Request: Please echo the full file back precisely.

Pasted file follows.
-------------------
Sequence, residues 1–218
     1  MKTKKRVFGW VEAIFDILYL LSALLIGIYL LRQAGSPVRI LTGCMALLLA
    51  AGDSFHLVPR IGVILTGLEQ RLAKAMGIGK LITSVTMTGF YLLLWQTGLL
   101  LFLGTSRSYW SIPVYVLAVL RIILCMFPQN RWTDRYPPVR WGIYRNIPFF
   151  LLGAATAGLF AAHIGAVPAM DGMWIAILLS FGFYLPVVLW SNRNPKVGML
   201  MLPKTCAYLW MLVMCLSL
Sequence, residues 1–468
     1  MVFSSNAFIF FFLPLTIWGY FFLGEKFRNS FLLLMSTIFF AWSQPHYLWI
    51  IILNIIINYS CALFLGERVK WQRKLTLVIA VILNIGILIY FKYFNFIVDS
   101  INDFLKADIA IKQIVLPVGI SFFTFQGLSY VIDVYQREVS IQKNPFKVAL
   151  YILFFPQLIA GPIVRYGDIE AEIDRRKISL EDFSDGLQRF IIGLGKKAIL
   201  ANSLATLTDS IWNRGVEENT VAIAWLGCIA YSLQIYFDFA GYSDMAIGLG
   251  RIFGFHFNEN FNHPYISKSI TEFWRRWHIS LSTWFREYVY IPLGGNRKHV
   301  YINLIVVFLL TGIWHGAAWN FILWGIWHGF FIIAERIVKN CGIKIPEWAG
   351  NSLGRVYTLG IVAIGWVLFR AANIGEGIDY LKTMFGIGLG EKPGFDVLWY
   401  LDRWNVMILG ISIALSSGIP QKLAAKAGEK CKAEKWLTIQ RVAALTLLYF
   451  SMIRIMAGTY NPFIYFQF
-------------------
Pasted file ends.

Sequence, residues 1–218
     1  MKTKKRVFGW VEAIFDILYL LSALLIGIYL LRQAGSPVRI LTGCMALLLA
    51  AGDSFHLVPR IGVILTGLEQ RLAKAMGIGK LITSVTMTGF YLLLWQTGLL
   101  LFLGTSRSYW SIPVYVLAVL RIILCMFPQN RWTDRYPPVR WGIYRNIPFF
   151  LLGAATAGLF AAHIGAVPAM DGMWIAILLS FGFYLPVVLW SNRNPKVGML
   201  MLPKTCAYLW MLVMCLSL
Sequence, residues 1–468
     1  MVFSSNAFIF FFLPLTIWGY FFLGEKFRNS FLLLMSTIFF AWSQPHYLWI
    51  IILNIIINYS CALFLGERVK WQRKLTLVIA VILNIGILIY FKYFNFIVDS
   101  INDFLKADIA IKQIVLPVGI SFFTFQGLSY VIDVYQREVS IQKNPFKVAL
   151  YILFFPQLIA GPIVRYGDIE AEIDRRKISL EDFSDGLQRF IIGLGKKAIL
   201  ANSLATLTDS IWNRGVEENT VAIAWLGCIA YSLQIYFDFA GYSDMAIGLG
   251  RIFGFHFNEN FNHPYISKSI TEFWRRWHIS LSTWFREYVY IPLGGNRKHV
   301  YINLIVVFLL TGIWHGAAWN FILWGIWHGF FIIAERIVKN CGIKIPEWAG
   351  NSLGRVYTLG IVAIGWVLFR AANIGEGIDY LKTMFGIGLG EKPGFDVLWY
   401  LDRWNVMILG ISIALSSGIP QKLAAKAGEK CKAEKWLTIQ RVAALTLLYF
   451  SMIRIMAGTY NPFIYFQF